This is a most important and timely story. I’m one of …

Comment on Extreme variability: local climate change right now by Alex Nelson.

This is a most important and timely story.
I’m one of those very few non-indigenous individuals who has lived here all my life. I was born in 1963 in the middle of one of the worst droughts on record. Since that time nearly every weather record in Central Australia has been broken, many of them more than once. Ironically, one record still standing since before my arrival is the hottest maximum temperature in the NT, set at Finke a couple of years earlier, but we’ve gotten close on occasion and it’s only a matter of time before that one falls.
One of the major impacts of the 1960s drought that reverberates to this day is the rise to dominance of buffel grass in Central Australia. The drought was a major impetus into extensive research to mitigate the enormous dust storms that frequently smothered Alice Springs, and buffel grass proved to be the ideal panacaea.
When I worked for the Rangeland Management Section at AZRI over a quarter century ago, one of the management problems for pastoral properties was how to deal with the problem of increasing “woody weeds”, especially mulga, witchetty bush and ironwood trees, which suppressed natural pastures and were largely resistant to control by fire, the only economically viable control method.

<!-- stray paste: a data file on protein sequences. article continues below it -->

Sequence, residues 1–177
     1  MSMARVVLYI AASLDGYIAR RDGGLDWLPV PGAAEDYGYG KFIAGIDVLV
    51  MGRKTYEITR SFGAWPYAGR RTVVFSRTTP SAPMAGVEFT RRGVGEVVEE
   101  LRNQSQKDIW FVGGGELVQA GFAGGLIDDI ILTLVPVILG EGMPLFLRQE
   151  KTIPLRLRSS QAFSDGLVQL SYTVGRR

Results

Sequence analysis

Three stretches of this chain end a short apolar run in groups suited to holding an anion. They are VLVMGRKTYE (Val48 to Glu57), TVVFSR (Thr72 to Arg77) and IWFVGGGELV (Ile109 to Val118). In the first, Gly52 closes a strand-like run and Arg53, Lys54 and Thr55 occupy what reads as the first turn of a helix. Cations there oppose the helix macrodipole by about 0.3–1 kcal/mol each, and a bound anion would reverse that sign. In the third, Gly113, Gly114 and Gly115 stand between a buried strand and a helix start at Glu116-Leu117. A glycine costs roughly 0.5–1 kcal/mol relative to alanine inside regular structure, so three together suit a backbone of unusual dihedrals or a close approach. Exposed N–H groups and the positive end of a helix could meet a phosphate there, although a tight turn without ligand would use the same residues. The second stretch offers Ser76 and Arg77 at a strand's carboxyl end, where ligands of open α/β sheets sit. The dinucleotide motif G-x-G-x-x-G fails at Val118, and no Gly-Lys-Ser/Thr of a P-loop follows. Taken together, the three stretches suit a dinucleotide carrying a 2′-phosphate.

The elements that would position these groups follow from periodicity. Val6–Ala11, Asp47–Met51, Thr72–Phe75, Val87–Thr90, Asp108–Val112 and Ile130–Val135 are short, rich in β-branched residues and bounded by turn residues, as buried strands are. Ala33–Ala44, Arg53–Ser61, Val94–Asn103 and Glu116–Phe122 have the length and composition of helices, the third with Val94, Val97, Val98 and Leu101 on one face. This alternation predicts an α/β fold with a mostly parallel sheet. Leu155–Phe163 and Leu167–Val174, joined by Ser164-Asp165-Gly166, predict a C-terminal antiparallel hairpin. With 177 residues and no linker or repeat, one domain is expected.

The increasing dominance of buffel grass across the region has, in my opinion, tipped the balance in favour of a major wildfire risk which, combined with the increasing severity of weather events, now poses an extreme hazard for us all in Central Australia. There have already been several serious wildfires in the vicinity of Alice Springs following above-average rainfall periods since the turn of the century, which I think are indicative of much worse to come.

Alex Nelson Also Commented

Extreme variability: local climate change right now
Well done, Evelynne Roullet (Posted March 1, 2017 at 11:59 am) for a most informative comment; and in the chronology you provided I was most taken by the entry for 1938 about British engineer Guy Callendar who showed from data obtained from numerous weather stations around the world that temperatures had increased compared to the previous century, a finding widely dismissed by meteorologists.
I compare this to the treatment meted out to German meteorologist Alfred Wegener who early last century compiled observations on geological and palaeontological evidence indicating the continents were once linked together. This information was well known but scientists generally accepted the explanation that there had been land-bridges between continents that had subsequently sunk below the oceans. In 1915 Wegener published a book proposing instead that the continents had once been all joined together and subsequently drifted apart.
This theory prompted huge controversy from scientists (especially in Britain, perhaps unsurprisingly) and basically the concept of continental drift was rejected on the basis of insufficient evidence and no explanation of any known force sufficient to move continents. Wegener was regarded as a crackpot, notwithstanding his reputation for research into polar climatalogy; and he perished for his work in Greenland in 1930.
It wasn’t until the mid 1960s when global mapping of the Earth’s ocean floors commenced that evidence came to light supporting the theory of continental drift. Mid-ocean ridges and alternate magnetic banding of seabed rock strata began the revelation of abundant evidence that the world’s land masses are indeed drifting on tectonic plates (incidentally, Australia is the fastest-moving continent on Earth). Today continental drift is completely accepted as a verified fact.